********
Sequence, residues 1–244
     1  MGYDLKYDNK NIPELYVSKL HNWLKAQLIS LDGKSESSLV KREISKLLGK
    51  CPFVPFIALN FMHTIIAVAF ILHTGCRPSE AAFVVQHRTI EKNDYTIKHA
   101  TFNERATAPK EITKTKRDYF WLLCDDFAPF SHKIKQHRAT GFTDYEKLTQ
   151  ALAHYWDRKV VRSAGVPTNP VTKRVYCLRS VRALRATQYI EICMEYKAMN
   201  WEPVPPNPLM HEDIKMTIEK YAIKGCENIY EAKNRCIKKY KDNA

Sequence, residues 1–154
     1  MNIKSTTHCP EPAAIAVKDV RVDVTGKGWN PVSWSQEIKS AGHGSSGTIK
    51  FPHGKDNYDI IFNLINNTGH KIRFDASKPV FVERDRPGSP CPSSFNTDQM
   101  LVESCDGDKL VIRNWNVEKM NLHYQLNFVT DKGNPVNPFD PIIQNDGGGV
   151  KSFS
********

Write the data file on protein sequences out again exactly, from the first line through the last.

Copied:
Sequence, residues 1–244
     1  MGYDLKYDNK NIPELYVSKL HNWLKAQLIS LDGKSESSLV KREISKLLGK
    51  CPFVPFIALN FMHTIIAVAF ILHTGCRPSE AAFVVQHRTI EKNDYTIKHA
   101  TFNERATAPK EITKTKRDYF WLLCDDFAPF SHKIKQHRAT GFTDYEKLTQ
   151  ALAHYWDRKV VRSAGVPTNP VTKRVYCLRS VRALRATQYI EICMEYKAMN
   201  WEPVPPNPLM HEDIKMTIEK YAIKGCENIY EAKNRCIKKY KDNA

Sequence, residues 1–154
     1  MNIKSTTHCP EPAAIAVKDV RVDVTGKGWN PVSWSQEIKS AGHGSSGTIK
    51  FPHGKDNYDI IFNLINNTGH KIRFDASKPV FVERDRPGSP CPSSFNTDQM
   101  LVESCDGDKL VIRNWNVEKM NLHYQLNFVT DKGNPVNPFD PIIQNDGGGV
   151  KSFS